There is an old joke in Brazil that this largest of Latin American nations “is a country of the future, and always will be.” But things have a way of changing.
Today, Brazil and the rest of Latin America represent a rapidly maturing business aviation market. Indeed, Brazil is now counted among the “BRIC” nations, referring to Brazil, Russia, India and China–all rapidly maturing markets with a growing demand for business aircraft and all that goes with them.
Rui Tomaz de Aquino, president of the Associação Brazileira de Aviação Geral (ABAG, Brazilian General Aviation Association) recently recalled the words of poet Walt Whitman, who said that if we can dream, we can also realize those dreams. “Now,” said Aquino of the resurgence of business aviation in Latin America, “those dreams are becoming a reality.”
Aquino was speaking at the Latin American Business Aviation Conference & Exhibition (LABACE), sponsored by ABAG and held in August in São Paulo, Brazil. If that show is a barometer of the growth of business aviation in Latin America, then there is room for optimism, at the very least. The total of 108 exhibitors comfortably surpassed the total of 71 at the 2007 event and, perhaps more important, an estimated $400 million in new business was generated, double the tally at LABACE 2007.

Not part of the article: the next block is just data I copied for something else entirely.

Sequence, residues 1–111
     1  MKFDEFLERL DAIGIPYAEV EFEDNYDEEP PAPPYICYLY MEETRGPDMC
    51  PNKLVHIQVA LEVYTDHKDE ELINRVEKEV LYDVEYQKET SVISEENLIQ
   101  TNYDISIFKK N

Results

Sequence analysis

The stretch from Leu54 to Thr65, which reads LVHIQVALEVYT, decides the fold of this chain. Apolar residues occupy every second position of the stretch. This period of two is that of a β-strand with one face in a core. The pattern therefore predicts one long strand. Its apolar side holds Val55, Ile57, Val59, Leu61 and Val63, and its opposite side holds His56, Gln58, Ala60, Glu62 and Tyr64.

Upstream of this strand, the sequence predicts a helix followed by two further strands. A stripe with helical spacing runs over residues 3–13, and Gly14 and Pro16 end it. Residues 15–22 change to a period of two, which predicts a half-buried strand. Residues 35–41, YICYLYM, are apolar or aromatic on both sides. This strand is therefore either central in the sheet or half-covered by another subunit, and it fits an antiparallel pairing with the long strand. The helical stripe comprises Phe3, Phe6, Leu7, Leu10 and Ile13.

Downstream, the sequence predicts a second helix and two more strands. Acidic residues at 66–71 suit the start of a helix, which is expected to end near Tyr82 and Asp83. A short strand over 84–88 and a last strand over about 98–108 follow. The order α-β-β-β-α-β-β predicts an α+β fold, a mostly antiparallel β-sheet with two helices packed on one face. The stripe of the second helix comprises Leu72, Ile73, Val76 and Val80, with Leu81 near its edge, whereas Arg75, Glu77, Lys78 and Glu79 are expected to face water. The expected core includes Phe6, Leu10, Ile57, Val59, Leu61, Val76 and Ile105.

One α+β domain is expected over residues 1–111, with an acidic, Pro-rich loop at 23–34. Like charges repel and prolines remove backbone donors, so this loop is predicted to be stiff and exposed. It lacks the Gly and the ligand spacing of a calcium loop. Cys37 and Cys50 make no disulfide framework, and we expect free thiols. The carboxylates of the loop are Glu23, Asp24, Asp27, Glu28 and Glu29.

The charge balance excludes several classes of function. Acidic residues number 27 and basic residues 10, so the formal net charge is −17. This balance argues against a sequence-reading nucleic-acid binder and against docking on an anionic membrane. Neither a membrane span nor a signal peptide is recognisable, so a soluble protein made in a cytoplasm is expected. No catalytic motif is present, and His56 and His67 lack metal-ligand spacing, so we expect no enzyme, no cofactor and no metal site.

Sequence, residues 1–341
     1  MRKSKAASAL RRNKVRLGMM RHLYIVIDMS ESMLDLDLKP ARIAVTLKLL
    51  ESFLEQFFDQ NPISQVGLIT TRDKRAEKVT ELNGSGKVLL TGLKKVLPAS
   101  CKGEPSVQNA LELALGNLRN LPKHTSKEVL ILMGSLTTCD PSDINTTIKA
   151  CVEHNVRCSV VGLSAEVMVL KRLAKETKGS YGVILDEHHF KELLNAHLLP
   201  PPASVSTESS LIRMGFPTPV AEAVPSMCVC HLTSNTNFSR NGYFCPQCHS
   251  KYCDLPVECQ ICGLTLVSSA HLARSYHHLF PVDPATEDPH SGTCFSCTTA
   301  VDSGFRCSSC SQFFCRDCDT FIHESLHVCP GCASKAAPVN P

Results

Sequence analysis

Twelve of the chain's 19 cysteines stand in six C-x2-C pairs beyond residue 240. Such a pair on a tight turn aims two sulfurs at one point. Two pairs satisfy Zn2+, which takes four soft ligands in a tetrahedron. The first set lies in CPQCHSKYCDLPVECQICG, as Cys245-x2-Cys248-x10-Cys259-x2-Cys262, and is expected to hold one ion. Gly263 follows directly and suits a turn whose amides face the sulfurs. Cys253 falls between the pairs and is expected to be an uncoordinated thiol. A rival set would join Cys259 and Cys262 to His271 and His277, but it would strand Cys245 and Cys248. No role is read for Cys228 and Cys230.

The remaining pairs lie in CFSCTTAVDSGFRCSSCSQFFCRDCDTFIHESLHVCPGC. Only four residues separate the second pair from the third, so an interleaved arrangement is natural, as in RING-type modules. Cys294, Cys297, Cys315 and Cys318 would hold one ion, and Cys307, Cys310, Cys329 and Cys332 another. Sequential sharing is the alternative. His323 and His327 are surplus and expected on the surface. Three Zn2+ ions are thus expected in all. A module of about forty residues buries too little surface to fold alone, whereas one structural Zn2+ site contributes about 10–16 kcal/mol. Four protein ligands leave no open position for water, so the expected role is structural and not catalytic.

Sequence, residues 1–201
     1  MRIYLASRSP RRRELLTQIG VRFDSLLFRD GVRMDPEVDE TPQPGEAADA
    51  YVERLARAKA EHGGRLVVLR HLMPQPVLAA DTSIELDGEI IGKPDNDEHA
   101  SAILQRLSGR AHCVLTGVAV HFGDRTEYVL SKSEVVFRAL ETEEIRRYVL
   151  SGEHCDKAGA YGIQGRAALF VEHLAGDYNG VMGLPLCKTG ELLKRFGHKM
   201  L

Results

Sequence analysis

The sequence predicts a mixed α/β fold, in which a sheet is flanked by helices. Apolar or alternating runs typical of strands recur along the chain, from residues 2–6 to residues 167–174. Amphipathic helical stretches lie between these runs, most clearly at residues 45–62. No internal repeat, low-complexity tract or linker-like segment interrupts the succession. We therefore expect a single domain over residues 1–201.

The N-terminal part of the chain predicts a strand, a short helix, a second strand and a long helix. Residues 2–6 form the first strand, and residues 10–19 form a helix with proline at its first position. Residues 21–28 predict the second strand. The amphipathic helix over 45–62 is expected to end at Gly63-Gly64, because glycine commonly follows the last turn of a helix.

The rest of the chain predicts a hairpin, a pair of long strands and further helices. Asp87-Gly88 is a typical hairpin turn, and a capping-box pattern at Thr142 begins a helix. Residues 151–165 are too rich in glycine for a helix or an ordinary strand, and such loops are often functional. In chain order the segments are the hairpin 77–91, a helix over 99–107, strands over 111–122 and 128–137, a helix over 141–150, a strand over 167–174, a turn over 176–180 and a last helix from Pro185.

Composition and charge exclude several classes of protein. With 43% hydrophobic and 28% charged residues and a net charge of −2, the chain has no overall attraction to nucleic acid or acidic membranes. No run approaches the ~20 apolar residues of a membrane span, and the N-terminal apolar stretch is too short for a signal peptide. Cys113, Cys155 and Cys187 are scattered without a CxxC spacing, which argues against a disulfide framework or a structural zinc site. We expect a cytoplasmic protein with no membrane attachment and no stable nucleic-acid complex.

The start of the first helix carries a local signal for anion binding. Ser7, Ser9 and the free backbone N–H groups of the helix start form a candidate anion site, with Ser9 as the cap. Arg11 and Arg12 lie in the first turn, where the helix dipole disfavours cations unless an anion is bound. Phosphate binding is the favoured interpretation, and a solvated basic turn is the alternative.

Aquino noted that 308 executive jets were delivered in Latin America last year. Among other factors fueling the growth is the aging of the business aircraft fleet in Latin America: 52 percent of executive jets and 66 percent of helicopters in the region are at least 15 years old, he noted.
That market potential is not lost on the world’s aircraft manufacturers. Virtually all had aircraft on display at LABACE 2008, a space set aside for helicopters was filled, and more than a few makers of light piston singles and turboprop aircraft were present, including Cirrus, EADS Socata, Pilatus and Piper.